Example Betfair trade at Kempton

Every time I turn up to a market the first thing I do is casually glance over everything that’s happening within the market. I have a look at all of the runners see how they’re interacting in terms of price and if there’s any predominant trend that exists already in the market. 

When I turned to this market at Kempton the first thing that caught my eye was the chart on early riser. It had inexplicably been backed from about 12 to 2.50. This looked specifically as though this move had gone too far or perhaps was an error? Perhaps there was a bot or some situation had developed which had meant that early riser was receiving unusually strong backing support? 

So it would have been very simple at this particular case in time to decide to lay early riser with the intention of trading out at a much higher price. But a casual glance across the market at other runners showed that the favourite, which had opened at decimal odds of 1.50, had actually drifted dramatically. 

This was no doubt due, in some part, to the backing and / or activity on ‘Early riser’. ‘Informed front’ should have been priced at about 1.50. But it drifted beyond to 2.25 at the point at which I joined the market. So the trade looked very obvious to me!

It was impossible for both of these runners to drift simultaneously. Therefore it seemed sensible to put a back order in on ‘Informed front’. Now I say it was impossible for them to drift simultaneously, it’s not impossible. It was just very unlikely. 

A key skill when trading order flow

Whenever you trade order flow, it’s inevitable that you will have to make judgments like this. You can never guarantee to be 100% right and that is part of the skill of trading order flow. You need the ability to be able to read the market understand what’s likely to happen but then and more importantly you have to have the guts to make a decision. You have to do something within the market. 

If your assumption is wrong then you dump your trade, typically for a loss. But what happens when you get well-practised at trading order flow, is that you will find situations that you’ve seen many times before and you know instinctively what’s to do.

On this occasion it looked to me like ‘Informed front’ had drifted alarmingly and it also drifted significantly farther than you would have typically expected and therefore a back order to open the trade was the order of the day. From that point onwards we saw a sharp retracement of informed front back to what would be considered a more typical price. Within this particular market and in fact by the time the race had about started it had come all the way back to 1.50.

What happened next, you guess!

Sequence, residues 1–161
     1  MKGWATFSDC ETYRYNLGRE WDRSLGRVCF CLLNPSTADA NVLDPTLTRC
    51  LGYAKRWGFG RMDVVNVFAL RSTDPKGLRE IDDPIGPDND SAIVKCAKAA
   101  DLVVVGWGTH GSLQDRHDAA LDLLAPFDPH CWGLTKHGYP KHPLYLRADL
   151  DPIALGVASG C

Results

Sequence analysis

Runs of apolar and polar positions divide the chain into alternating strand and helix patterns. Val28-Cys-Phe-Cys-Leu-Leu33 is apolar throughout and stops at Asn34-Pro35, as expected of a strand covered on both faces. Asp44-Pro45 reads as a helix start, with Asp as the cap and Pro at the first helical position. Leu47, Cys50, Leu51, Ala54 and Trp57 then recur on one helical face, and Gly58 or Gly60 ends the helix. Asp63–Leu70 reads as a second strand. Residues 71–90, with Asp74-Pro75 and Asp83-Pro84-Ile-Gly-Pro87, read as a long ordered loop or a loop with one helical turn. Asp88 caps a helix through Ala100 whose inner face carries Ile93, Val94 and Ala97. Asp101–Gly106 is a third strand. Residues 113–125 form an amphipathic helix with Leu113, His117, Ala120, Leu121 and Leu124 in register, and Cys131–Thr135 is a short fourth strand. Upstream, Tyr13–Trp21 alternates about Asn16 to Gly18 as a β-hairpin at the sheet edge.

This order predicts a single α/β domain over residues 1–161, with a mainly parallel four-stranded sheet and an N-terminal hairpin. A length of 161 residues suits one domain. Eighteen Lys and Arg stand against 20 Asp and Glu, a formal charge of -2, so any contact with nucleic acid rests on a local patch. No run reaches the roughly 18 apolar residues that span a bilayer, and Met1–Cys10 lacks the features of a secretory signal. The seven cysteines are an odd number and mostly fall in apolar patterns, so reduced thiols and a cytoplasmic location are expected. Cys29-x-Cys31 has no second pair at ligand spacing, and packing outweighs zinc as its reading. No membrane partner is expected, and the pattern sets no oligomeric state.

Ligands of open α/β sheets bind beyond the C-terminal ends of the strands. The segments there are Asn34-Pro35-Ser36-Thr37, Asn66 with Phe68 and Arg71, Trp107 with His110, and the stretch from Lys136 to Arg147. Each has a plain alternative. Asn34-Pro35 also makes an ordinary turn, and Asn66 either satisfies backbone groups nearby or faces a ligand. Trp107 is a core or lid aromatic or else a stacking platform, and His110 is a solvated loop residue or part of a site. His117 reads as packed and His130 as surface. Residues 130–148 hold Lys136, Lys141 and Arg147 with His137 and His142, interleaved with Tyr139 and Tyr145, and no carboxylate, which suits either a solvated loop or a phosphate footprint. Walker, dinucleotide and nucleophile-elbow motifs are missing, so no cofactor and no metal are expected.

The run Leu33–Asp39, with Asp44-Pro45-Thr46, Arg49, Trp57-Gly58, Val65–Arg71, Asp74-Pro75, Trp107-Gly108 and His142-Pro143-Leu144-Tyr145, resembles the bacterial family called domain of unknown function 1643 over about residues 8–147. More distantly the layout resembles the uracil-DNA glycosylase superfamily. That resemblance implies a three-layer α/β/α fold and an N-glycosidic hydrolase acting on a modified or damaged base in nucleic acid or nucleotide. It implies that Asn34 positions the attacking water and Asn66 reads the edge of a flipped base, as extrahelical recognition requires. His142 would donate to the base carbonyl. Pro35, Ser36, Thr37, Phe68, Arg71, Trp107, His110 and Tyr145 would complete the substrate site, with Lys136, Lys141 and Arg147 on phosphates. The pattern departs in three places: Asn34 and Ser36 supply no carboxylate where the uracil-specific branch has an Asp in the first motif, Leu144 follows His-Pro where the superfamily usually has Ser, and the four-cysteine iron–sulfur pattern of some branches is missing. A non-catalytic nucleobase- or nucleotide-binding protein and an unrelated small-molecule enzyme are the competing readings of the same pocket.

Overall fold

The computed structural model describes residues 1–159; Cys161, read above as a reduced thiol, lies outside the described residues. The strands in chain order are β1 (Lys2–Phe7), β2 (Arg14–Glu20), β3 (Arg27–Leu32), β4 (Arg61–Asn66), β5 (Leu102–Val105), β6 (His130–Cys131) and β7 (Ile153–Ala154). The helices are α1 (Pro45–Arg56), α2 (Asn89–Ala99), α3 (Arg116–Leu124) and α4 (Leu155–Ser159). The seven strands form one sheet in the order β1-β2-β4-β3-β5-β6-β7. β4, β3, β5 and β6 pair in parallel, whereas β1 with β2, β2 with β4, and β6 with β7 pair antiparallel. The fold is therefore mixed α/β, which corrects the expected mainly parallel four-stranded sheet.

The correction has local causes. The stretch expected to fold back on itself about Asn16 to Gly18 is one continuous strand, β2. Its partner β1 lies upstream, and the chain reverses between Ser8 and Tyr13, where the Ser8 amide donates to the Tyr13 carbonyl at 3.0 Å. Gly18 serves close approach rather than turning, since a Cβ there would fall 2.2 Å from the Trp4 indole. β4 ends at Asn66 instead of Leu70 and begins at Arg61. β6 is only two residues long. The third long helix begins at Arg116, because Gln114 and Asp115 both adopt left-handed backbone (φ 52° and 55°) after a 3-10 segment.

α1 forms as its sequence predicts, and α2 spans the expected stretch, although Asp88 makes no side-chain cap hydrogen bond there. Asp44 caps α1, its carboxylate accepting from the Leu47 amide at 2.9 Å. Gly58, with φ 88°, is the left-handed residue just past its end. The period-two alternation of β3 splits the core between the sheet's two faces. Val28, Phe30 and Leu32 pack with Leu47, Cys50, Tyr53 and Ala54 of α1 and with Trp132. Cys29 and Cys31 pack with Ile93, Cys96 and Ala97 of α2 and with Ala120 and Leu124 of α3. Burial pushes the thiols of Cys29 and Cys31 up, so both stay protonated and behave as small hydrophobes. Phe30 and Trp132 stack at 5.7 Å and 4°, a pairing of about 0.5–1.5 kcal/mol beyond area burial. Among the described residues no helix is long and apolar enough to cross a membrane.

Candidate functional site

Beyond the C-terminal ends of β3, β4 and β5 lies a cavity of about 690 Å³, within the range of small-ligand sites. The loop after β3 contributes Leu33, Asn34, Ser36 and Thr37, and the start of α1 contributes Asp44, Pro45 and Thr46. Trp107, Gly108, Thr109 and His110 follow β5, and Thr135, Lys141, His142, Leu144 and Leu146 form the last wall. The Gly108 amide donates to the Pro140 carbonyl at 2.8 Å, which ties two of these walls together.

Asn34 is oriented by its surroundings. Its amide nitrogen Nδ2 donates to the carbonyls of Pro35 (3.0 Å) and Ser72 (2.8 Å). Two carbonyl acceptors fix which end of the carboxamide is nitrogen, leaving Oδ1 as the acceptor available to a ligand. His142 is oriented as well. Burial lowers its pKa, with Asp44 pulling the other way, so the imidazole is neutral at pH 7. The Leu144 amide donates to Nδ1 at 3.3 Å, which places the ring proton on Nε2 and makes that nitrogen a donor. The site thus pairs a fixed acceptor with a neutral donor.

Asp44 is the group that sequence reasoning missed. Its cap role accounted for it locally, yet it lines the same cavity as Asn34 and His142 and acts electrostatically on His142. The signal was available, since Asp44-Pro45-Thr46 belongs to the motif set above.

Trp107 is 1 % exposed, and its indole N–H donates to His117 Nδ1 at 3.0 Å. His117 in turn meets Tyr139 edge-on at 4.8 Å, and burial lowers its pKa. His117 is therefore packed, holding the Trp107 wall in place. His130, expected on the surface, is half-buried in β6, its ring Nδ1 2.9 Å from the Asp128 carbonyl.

So I have a simple question for you here. What do you think happened to the price of ‘Early riser’?

Do you think the price of early riser continued to go in and get matched at lower and lower levels below 2.50. Or do you think that early riser drifted?

Well, the fact is by post time ‘Early riser’ had actually bottomed at 2.50. This was helpful as it was the point at which we pretty much joined the market. It had drifted out to 7.50 by post time. So just by looking at the price of the favourite and the price activity that we saw on the favourite you had correctly read what had happened to the price of ‘Early riser’.

What trade should you do?

You could have easily laid ‘Early riser’ and traded out at a higher price, or you could have backed ‘Informed front’ and traded out at a lower price on that particular runner. People tend to have a preference for either backing or laying first. In my mind there is no particular preference. It all depends upon what’s going on within the market. 

However, in this case, if you’ve got a favourite going off at much shorter odds, as was the case with ‘Informed front’, it makes sense to back it and trade out at a lower price. This is because your hedged value will be much higher than if you lay at a lower price and then wait for a drift before hedging your position at that particular point. This is because of the way hedging works. The final position in the market is a lay bet. Hedging a drifter costs more than hedging a steamer.

In essence, that’s what you’re doing with trading order flow. You’re looking for a key entry point within the market. There could be any number of triggers for that key entry point, but also the trade that you do could be a lot smaller than what we’ve seen in this particular market. 

Betfair trading order flow – tips

You may be only looking for a small move of one or two ticks. On this particular occasion, we were looking for a much broader movement in the market, but that was only because that broader move was available to us.